CHARLESTON, W.Va. — U.S. Attorney General Jeff Sessions sidestepped talk about the open FBI director’s post in an appearance Thursday in West Virginia at a conference on stopping drug addiction.
Sessions spoke at the University of Charleston at a Drug Enforcement Administration meeting on heroin and opioid addiction. It was his first public appearance since President Donald Trump fired FBI Director James Comey on Tuesday.
University spokesman Dave Traube initially said a news conference would be held after Sessions’ speech. But U.S. Justice Department spokesman Peter Carr said Wednesday night that Sessions would not be available to reporters and didn’t give a reason. Sessions quickly left the auditorium after his speech.
“On Wednesday evening, the AG’s team informed us that they would be not holding a press conference following his opening remarks,” Traube said Thursday in an email. “They said they would be contacting the media about the change in plans and an email communication went out from them to some media members that had RSVP’d for the event.”
In an email, Justice Department spokeswoman Sarah Isgur Flores denied a news conference had been previously scheduled.
“Our media advisory never listed one,” she said.
But Traube said Thursday the university had been “instructed to set a room up for one.”
The day before Comey’s firing, Trump advisers said Sessions and Deputy Attorney General Rod Rosenstein met with the president.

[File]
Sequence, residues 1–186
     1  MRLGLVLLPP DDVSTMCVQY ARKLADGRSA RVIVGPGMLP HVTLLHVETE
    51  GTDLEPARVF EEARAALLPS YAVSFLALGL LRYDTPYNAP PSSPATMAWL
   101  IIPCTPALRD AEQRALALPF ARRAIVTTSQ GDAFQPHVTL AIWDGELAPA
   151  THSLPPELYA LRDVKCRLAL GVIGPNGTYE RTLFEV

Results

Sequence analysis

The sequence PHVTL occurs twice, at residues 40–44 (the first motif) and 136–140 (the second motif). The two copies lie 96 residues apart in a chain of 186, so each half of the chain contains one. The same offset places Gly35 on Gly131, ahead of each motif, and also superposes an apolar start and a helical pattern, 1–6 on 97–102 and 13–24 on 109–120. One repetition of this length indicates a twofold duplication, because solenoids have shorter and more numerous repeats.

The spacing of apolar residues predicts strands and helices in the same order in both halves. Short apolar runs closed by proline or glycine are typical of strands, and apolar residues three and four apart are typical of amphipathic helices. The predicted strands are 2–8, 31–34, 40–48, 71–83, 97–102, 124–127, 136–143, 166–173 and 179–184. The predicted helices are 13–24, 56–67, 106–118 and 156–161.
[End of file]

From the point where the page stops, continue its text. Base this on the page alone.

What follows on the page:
Sessions’ talk Thursday focused on helping cities and regions battle the prescription drug abuse epidemic and violent crime associated with it.
West Virginia led the nation with 41.5 drug overdose deaths per 100,000 residents in 2015, and the number of such deaths rose nearly 18 percent last year to 864 people.
Thursday’s event was co-sponsored by the DEA and the Community Anti-Drug Coalitions of America, which is part of the Office of National Drug Control Policy, the lead White House office shaping policy on the nation’s opioid crisis.
Parts of West Virginia are in the High Intensity Drug Trafficking Areas program, which makes federal resources available to local and state police that face growing illicit drug markets. It was established through the Office of National Drug Control Policy in 1988.
A Trump administration proposal would slash funding for the Office of National Drug Control Policy by 94 percent.